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Rocking the reclamation

In the inconclusive debate of live music versus studio sound, Swarathma, a six-member outfit from Bangalore, made a compelling case for the former.

mumbai Updated: Nov 24, 2009 01:14 IST
Purva Mehra

In the inconclusive debate of live music versus studio sound, Swarathma, a six-member outfit from Bangalore, made a compelling case for the former.

Before the band eased into its easy, infectious folk rock, their resplendent, traditional get-ups paired incongruently with dazzling sneakers set the tone for the theatrics that were to follow. Vasu Dixit, the band’s little frontman, with a big, soulful voice and bigger hair began on Ambar, a stirring melody that brought back the dissipating audience and several eager motorists during a gig at the Celebrate Bandra Festival held in partnership with the Hindustan Times.

In the six years of its being, Swarathma has amassed in Mumbai a considerable listener base, many of whom chorused with the band’s crowd pullers, Patte Saare and Yeshu Allah Aur Krishna, a track with a get-on-your-feet sound that belied several layers of meaning.

“We’re constantly innovating. Most of our songs were written long ago but with each performance they grow and sound different, as we like to experiment with instruments such as the kanjira, ghatam, dholak and mridangam,” said Varun (guitar and backing vocals).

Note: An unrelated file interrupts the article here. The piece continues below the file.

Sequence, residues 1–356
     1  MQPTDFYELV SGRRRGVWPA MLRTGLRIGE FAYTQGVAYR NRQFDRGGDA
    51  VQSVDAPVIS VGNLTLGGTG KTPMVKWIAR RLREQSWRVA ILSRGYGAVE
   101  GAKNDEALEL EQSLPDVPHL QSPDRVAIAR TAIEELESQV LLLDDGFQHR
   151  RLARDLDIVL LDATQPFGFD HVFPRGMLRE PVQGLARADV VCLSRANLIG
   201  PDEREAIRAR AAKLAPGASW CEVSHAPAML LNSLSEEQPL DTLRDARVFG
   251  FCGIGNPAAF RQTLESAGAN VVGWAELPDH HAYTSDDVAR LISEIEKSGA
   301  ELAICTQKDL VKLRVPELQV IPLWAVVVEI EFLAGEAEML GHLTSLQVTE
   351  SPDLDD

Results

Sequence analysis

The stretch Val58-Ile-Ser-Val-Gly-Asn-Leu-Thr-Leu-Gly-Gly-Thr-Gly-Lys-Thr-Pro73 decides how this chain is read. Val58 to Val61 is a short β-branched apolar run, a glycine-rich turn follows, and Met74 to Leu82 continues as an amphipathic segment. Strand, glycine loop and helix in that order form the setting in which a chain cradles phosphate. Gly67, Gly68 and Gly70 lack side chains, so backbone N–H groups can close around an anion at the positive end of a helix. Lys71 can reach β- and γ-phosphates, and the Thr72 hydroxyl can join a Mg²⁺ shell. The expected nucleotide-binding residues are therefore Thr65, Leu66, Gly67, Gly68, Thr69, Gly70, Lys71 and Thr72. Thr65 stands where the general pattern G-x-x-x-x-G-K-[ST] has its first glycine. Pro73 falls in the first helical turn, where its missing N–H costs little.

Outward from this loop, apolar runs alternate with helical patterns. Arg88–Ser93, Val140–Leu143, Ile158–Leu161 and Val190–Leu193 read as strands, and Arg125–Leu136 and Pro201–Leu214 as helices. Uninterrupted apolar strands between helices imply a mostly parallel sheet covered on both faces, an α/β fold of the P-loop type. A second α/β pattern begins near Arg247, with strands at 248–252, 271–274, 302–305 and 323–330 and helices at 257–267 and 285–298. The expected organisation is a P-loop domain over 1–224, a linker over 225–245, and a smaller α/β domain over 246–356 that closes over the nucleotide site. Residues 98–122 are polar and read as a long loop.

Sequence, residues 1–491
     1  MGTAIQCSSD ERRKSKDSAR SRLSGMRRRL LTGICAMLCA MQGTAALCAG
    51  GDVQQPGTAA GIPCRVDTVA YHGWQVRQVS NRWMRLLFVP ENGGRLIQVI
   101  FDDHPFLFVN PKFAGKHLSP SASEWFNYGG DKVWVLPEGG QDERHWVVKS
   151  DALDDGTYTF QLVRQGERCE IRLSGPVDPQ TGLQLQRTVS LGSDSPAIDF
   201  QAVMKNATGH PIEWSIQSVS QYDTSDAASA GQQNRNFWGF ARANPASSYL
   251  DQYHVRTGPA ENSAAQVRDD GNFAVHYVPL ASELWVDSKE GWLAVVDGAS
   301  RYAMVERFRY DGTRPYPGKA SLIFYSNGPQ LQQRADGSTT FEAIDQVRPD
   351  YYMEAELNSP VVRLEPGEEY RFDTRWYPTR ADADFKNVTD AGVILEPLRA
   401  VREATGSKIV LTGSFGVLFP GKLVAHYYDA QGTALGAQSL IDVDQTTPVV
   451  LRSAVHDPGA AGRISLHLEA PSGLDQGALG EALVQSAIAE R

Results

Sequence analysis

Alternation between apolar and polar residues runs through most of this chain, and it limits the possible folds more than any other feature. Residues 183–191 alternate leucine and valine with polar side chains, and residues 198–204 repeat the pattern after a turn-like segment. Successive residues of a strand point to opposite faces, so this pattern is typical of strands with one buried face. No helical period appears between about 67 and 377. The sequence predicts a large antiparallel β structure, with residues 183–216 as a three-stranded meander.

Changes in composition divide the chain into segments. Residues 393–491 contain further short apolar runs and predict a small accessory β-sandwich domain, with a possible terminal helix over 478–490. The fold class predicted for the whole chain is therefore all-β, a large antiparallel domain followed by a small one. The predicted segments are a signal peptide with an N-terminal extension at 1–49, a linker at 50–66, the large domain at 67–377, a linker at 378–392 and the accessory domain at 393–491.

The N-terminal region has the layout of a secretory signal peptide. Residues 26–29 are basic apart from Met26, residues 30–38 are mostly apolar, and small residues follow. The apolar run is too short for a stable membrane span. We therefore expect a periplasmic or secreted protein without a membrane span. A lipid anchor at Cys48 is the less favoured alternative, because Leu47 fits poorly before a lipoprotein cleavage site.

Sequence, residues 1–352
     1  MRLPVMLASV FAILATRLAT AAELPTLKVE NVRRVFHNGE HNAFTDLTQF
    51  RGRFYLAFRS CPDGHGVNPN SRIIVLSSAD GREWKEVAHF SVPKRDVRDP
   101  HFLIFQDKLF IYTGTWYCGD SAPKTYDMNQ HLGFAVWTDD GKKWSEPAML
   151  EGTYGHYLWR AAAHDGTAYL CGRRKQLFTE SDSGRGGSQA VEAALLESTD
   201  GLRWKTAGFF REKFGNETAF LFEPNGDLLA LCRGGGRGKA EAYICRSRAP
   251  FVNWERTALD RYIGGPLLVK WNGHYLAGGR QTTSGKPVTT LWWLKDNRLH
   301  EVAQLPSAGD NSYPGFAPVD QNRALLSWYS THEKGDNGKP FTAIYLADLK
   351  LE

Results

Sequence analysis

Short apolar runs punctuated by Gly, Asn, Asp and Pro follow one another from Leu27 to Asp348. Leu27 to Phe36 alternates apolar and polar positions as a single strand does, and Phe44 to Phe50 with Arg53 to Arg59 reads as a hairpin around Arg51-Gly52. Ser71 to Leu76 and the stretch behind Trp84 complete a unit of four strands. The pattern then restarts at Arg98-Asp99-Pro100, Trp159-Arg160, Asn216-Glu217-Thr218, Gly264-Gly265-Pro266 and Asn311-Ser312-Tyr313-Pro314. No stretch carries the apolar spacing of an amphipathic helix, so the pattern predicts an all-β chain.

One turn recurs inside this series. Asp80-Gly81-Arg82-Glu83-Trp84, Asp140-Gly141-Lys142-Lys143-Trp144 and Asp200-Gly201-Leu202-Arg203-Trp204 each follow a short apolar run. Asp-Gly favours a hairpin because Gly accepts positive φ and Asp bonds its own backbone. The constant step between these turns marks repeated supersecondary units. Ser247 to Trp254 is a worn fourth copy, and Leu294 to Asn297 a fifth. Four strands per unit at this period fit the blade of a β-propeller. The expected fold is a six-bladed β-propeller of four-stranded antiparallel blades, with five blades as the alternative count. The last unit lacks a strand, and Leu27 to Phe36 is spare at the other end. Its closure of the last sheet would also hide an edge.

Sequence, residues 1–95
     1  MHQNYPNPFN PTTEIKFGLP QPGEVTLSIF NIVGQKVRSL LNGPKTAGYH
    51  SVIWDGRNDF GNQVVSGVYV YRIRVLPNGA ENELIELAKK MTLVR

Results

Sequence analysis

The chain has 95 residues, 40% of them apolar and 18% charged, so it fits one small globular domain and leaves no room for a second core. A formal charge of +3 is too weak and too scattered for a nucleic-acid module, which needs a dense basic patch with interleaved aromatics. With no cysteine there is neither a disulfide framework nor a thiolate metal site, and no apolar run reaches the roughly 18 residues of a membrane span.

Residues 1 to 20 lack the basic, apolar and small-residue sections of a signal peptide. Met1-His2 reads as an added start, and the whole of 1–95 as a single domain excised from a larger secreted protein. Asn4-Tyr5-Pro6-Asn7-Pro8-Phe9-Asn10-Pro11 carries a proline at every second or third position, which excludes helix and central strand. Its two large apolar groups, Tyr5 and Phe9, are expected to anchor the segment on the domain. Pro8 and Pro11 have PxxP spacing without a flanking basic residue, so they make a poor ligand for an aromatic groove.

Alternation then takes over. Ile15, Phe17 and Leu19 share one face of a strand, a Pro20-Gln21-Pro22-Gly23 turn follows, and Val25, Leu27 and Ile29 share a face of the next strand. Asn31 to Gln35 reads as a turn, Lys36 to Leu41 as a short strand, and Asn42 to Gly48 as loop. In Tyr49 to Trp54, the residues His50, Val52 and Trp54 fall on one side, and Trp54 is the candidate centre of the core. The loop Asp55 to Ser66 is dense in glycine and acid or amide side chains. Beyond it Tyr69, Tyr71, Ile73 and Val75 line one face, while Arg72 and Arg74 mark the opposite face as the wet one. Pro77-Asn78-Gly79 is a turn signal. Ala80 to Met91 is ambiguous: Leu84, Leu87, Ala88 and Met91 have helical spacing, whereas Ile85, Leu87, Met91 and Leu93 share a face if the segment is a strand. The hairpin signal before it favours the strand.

The band’s eclectic compositions accommodated reggae, Carnatic and Baul regional styles and a welcome serving of humour to alleviate the intensity of their lyrics.

“We also play songs with no meanings and have plenty that are sung in a lighter vein such as 123 Let’s Go or Mauj Kare. It’s always a challenge to perform in Mumbai because people have such varied exposure to the arts here that we always have to think of ways to make it different,” said Dixit.

While the enthused crowd at the Reclamation Promenade didn’t get a peek at the band’s mascot the Ghodi (an accessorised, stuffed horse found in Rajasthan’s folk fairs) on which Dixit is known to prance, they did release custom-made Swarathma kites that soared unnoticed in to the ebony sky.

“We’re each of us from creative backgrounds and it’s always our attempt to render our live acts entertaining to distinguish it from the album experience. No one returns for a live gig to hear the band sound just like they did on the CD,” said Varun, defending their outrageous stage acts that run the risk of getting slotted as tricks.

But judging by the encore that followed their 10-minute version of Ee Bhoomi, the concluding track of the performance, Swarathma need not worry about any such presumptions.